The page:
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Analysing wage differences between the USA and Germany using proportional hazards models

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  • Behr, Andreas
  • Pötter, Ulrich

Abstract

We analyse differences between the wage distributions in the USA and Germany in 2001 both for women and men. The empirical analysis is based on the decomposition of differences using Cox's marginal (partial) likelihood. The approach based on rank invariant estimators such as Cox's is borrowed from the literature on failure time data. Donald et al. (2000) pioneered this approach. However, they did not use the full power of the semi-parametric approach. Instead, they argued for using a piecewise constant hazard rate model. We improve on their work by showing that the semi-parametric features of Cox's marginal likelihood are as appropriate for the analysis of wage decompositions and as easy to interpret. Moreover, we extend their approach by allowing for nonlinear regression effects. We will show empirically that this formulation will both increase the flexibility of their approach and improve the discriminatory power between wage regimes.

Suggested Citation

  • Behr, Andreas & Pötter, Ulrich, 2006. "Analysing wage differences between the USA and Germany using proportional hazards models," Beiträge zur angewandten Wirtschaftsforschung 16, University of Münster, Center of Applied Economic Research Münster (CAWM).
  • Handle: RePEc:zbw:cawmbg:16
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    References listed on IDEAS

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    1. repec:mes:challe:v:34:y:1991:i:6:p:58-60 is not listed on IDEAS
    2. Martins, Pedro S. & Pereira, Pedro T., 2004. "Does education reduce wage inequality? Quantile regression evidence from 16 countries," Labour Economics, Elsevier, vol. 11(3), pages 355-371, June.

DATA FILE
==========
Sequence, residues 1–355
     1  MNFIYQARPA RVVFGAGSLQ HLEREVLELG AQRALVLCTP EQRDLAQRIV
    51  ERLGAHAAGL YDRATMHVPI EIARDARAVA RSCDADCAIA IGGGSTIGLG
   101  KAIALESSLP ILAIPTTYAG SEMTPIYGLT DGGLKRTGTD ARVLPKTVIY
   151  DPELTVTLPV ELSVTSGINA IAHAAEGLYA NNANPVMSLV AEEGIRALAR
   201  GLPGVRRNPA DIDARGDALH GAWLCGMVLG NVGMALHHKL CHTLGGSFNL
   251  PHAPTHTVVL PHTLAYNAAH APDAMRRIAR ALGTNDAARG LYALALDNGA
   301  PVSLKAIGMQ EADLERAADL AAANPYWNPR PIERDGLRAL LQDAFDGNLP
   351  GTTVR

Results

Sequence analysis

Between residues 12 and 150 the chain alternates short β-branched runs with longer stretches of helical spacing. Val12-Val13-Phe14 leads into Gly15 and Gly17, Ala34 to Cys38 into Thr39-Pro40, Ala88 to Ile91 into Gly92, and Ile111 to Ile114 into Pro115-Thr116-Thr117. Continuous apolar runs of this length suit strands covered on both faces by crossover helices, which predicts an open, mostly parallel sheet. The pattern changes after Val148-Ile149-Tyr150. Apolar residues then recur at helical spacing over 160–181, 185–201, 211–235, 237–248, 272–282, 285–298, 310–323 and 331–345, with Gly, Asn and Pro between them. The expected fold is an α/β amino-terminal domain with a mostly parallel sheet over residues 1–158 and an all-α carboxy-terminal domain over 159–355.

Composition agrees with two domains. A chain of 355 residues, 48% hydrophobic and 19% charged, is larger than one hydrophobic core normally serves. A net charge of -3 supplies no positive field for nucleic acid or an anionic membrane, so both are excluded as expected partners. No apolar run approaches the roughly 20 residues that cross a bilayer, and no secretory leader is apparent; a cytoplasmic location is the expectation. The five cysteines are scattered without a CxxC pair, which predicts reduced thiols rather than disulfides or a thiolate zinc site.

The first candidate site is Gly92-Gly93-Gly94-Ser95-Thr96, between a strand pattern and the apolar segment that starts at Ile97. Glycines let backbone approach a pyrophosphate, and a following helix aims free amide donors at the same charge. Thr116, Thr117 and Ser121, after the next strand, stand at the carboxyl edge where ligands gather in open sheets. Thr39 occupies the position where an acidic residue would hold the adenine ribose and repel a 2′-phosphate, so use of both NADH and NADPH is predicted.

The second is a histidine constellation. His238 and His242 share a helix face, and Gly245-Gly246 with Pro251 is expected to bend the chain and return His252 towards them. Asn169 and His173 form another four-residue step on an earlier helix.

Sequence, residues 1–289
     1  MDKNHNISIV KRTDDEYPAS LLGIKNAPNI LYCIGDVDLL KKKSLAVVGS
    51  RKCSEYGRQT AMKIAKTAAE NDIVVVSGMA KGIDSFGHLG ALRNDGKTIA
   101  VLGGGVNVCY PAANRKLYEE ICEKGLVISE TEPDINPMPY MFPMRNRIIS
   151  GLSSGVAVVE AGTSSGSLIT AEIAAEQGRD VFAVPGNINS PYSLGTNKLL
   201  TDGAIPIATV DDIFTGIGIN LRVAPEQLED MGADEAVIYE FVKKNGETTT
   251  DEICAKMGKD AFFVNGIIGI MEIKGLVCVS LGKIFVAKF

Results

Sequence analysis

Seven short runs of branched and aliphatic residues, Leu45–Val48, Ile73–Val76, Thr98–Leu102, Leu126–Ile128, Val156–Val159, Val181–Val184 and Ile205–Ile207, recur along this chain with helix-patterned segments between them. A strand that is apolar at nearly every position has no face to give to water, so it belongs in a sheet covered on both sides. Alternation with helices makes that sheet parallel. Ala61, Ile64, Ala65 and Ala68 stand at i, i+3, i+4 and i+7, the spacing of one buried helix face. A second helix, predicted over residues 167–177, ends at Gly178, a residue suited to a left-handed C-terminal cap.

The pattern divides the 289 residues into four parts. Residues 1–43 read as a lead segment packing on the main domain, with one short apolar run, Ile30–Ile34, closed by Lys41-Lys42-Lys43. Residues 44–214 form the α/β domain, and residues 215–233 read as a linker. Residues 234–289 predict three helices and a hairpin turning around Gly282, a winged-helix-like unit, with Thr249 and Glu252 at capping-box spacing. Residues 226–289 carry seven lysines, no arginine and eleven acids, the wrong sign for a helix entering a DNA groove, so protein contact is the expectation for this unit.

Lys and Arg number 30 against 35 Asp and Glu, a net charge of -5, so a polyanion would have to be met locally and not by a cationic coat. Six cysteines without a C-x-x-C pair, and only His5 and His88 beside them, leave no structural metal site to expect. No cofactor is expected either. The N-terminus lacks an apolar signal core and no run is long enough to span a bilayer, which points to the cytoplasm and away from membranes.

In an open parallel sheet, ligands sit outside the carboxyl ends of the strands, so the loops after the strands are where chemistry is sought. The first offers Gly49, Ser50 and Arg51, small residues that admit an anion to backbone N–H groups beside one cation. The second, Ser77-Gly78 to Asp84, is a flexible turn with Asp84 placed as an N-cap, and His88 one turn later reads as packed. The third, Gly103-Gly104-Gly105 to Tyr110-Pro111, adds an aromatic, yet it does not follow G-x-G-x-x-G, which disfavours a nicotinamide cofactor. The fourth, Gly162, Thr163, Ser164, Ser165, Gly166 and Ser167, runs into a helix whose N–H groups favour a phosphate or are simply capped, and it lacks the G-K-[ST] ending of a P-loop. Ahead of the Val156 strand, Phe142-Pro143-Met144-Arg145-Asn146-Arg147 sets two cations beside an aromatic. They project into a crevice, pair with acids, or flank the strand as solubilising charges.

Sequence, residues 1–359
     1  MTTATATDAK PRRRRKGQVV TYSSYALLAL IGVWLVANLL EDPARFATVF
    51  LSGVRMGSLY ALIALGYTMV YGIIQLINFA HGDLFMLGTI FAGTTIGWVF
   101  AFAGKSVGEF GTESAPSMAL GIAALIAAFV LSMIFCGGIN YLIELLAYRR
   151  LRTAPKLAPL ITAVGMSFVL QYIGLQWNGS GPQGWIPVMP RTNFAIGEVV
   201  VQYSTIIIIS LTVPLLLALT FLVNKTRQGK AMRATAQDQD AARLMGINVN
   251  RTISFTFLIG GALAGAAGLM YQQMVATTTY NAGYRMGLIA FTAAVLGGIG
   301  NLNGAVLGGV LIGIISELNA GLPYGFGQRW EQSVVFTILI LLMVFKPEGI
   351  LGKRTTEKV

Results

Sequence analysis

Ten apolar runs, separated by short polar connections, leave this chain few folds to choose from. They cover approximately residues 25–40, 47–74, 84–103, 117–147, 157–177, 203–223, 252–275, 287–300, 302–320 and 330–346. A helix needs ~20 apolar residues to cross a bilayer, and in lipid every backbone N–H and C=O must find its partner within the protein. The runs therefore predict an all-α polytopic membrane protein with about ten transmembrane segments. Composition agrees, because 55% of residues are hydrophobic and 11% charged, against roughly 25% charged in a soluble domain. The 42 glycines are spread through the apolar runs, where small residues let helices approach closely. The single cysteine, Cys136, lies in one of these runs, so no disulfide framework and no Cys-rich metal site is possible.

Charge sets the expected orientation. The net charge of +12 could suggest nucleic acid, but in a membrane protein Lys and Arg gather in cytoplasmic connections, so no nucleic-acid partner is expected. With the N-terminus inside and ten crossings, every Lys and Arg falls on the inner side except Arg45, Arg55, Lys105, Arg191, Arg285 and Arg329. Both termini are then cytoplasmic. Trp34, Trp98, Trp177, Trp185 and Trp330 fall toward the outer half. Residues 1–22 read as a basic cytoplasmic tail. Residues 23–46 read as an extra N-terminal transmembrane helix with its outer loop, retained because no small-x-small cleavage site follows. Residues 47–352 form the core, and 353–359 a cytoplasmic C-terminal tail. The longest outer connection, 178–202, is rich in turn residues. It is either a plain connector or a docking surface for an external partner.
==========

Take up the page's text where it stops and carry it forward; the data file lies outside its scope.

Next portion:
3. Stephen G. Donald & David A. Green & Harry J. Paarsch, 2000. "Differences in Wage Distributions Between Canada and the United States: An Application of a Flexible Estimator of Distribution Functions in the Presence of Covariates," Review of Economic Studies, Oxford University Press, vol. 67(4), pages 609-633.
    4. Paul Beaudry & David A. Green, 2003. "Wages and Employment in the United States and Germany: What Explains the Differences?," American Economic Review, American Economic Association, vol. 93(3), pages 573-602, June.
    5. Juhn, Chinhui & Murphy, Kevin M & Pierce, Brooks, 1993. "Wage Inequality and the Rise in Returns to Skill," Journal of Political Economy, University of Chicago Press, vol. 101(3), pages 410-442, June.
    6. Suen, Wing, 1997. "Decomposing Wage Residuals: Unmeasured Skill or Statistical Artifact?," Journal of Labor Economics, University of Chicago Press, vol. 15(3), pages 555-566, July.
    7. José Mata & José A. F. Machado, 2005. "Counterfactual decomposition of changes in wage distributions using quantile regression," Journal of Applied Econometrics, John Wiley & Sons, Ltd., vol. 20(4), pages 445-465.
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    More about this item

    JEL classification:

    • J31 - Labor and Demographic Economics - - Wages, Compensation, and Labor Costs - - - Wage Level and Structure; Wage Differentials
    • C14 - Mathematical and Quantitative Methods - - Econometric and Statistical Methods and Methodology: General - - - Semiparametric and Nonparametric Methods: General

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